Money, it's a gas
- We look at the implications for the Euro area of higher natural gas prices in the context of the Ukrainian crisis.
- We discuss Francois Villeroy de Galhau’s proposal to provide the ECB with more flexibility on the timing of its lift-off.
As tension between Russia and Ukraine continues to mount, we look in details at the impact a sudden stop in Russian gas supply would have on the Euro area economy. Natural gas has become crucial for purchasing power dynamics. The direct effect of higher gas prices has already shaved 0.5% off real disposable income over one year in December 2021. More importantly, the indirect impact through electricity prices has also become significant, since gas-fired power stations are now the “marginal supplier” without which electricity demand cannot be fulfilled. The correlation between gas and electricity prices has thus got very tight, and this channel has shaved another 0.7% off purchasing power over one year in December 2021.
There is no easy alternative to Russian supply in the short run. Europe has increased its capacity to receive liquefied natural gas from the US and Qatar, but these two key exporters do not have much spare room to lift their output further. Raising the contribution from coal, as it has already been the case last year in Germany, is not palatable given its huge carbon footprint. Raising the share of nuclear power supplied to distributors at below-market prices is in general not an option outside France. The solution probably lies in a fiscal accommodation of the income shock – possibly offset by some windfall tax on low-cost electricity producers – but the countries where the rise in electricity prices has been the steepest are also the “fiscally fragile” ones, such as Italy and Spain. Beyond the short-term management of a possible additional energy shock, the renewed tension with Russia may prompt a re-think of the EU’s overall energy strategy. Even some costly new nuclear solutions get more attractive if raising baseload capacity becomes a priority as the cost and sheer availability of the currently dominant “marginal energy” become problematic.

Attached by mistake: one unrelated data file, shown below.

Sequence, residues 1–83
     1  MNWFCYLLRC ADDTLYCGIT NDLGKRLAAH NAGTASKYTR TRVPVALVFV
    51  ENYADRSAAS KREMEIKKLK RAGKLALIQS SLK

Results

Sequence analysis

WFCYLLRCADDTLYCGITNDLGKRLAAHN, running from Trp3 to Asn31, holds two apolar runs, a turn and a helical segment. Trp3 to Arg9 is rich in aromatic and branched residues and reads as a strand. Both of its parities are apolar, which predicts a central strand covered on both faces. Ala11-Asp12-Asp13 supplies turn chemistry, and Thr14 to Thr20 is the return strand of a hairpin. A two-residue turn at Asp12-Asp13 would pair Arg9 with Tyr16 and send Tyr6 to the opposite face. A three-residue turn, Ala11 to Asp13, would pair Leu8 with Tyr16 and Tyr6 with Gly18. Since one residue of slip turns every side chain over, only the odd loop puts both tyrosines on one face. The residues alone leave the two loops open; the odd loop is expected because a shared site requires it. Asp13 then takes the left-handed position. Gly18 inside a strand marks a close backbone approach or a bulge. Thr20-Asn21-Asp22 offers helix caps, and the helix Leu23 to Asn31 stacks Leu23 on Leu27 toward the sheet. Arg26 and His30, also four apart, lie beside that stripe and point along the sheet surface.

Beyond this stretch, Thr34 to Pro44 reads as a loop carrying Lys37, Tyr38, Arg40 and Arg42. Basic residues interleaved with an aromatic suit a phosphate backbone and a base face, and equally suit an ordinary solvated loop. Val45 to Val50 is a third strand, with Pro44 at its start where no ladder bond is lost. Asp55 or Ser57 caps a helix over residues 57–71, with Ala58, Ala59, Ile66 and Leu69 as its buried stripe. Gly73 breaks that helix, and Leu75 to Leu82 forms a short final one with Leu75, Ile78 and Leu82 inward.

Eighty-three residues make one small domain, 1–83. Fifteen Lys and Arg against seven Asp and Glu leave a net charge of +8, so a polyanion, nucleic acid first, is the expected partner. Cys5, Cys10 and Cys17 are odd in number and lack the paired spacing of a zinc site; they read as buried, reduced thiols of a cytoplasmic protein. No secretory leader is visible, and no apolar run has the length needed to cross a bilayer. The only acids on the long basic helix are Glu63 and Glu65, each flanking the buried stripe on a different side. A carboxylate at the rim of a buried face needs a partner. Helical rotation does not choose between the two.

The ECB will be one of the key players in dealing with the fallout of an exacerbation of tension with Russia which would be reflected in even higher energy prices. In an interview with the Financial Times board member Isabel Schnabel was reassuring: the ECB would not “accelerate the normalization of monetary policy” in such a configuration. Still, a geopolitical shock would add to what is already a very uncertain trajectory for the Euro area. In this context, we discuss Francois Villeroy de Galhau’s recent proposal to provide the ECB with more flexibility on the timing of the lit-off in policy rates.